BloombergNEF has published its 2H 2019 Corporate Energy Market Outlook which has shown that 2019 is on track to be bigger than 2018 for corporate Power Purchase Agreements (PPAs) globally.
Courtesy of NREL
Corporations signed 8.6 GW of clean energy, up from 7.2 GW at the same time in 2017. The US made up 69 percent of this activity, making it by far the biggest clean energy market globally. US corporations bought 5.95GW of clean energy in 2019, closing in on the 2018 total. Companies are once again flocking to Texas – historically the largest corporate procurement market in the country – where 40 percent of the activity in 2019 has occurred.
Just 1 GW of deals in the US have come from green tariffs with regulated utilities. Reaching the 2.6 GW seen in all of 2018 is unlikely. This may be a result of buyer apprehension, as several companies have been involved in highly publicised legal battles with regulated utilities over clean energy buying. Companies are instead favoring the virtual PPA model, which has made up 82 percent of all US deals in 2019.
RE100 members will need to buy an extra 189 TWh of clean power in 2030 to hit targets. Despite 33 new companies joining the RE100 in 2019 through July, for a total of 191 signatories, BloombergNEF forecasts the group collectively facing a shortfall of 189 TWh in 2030 – 1 TWh less than BloombergNEF’s previous forecast. Existing RE100 members signed deals for an estimated 7.8 TWh of clean electricity, outpacing the demand from new signatories overall. Should these companies meet their 189 TWh shortfall through solar and wind PPAs, BloombergNEF estimates that it would catalyse an additional 94 GW of renewables build, leading to $97 billion of new investment.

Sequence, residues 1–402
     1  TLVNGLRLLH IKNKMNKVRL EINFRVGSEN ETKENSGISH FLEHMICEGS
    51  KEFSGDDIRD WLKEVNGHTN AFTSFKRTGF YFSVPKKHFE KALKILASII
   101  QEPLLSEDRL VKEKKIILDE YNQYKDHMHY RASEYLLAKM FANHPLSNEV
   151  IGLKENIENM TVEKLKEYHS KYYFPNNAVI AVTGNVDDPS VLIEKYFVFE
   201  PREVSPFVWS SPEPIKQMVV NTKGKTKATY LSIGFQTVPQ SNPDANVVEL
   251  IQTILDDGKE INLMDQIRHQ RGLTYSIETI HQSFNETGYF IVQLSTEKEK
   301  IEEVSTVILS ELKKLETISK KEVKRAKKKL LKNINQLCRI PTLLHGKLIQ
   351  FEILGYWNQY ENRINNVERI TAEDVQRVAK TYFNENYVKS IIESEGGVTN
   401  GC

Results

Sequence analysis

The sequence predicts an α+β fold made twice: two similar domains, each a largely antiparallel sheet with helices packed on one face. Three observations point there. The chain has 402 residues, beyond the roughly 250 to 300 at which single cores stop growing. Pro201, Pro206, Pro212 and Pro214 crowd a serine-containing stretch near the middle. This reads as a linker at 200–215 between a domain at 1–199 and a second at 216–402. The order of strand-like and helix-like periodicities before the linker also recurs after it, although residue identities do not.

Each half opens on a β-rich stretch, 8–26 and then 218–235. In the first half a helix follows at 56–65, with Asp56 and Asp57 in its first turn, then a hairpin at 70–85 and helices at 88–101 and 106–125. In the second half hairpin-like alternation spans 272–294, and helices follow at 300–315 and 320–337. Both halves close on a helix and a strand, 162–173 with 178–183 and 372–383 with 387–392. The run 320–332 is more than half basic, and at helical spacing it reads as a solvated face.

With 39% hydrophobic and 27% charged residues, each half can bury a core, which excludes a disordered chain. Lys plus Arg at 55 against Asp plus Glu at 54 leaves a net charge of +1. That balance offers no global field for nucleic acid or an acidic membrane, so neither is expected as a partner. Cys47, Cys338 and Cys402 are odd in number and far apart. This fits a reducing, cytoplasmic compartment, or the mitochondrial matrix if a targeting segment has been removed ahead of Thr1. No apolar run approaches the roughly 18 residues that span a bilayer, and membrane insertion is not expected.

Corporations have purchased just 950 MW of clean energy through PPAs in Europe, Middle East and Africa in 2019. The Nordics, which typically sets the pace for the region, has seen just 300 MW of deals, though several solar PPAs in Sweden are the first of their kind. There is excitement in new European markets like Poland and France, and a groundbreaking deal was signed by an oil and gas company in Oman, but otherwise the region continues to be underwhelming as a whole.
China is on the verge of rolling out game-changing policies for corporate procurement. Policymakers are set to implement two key policies. The first is a renewable portfolio standard, mandating that corporations meet a percentage of their load with renewables. The second is a prosumer model, allowing companies to sell excess generation from their own clean energy projects to neighbouring sources of demand. Both mechanisms will create more corporate demand and give companies flexibility in how they procure renewables in China.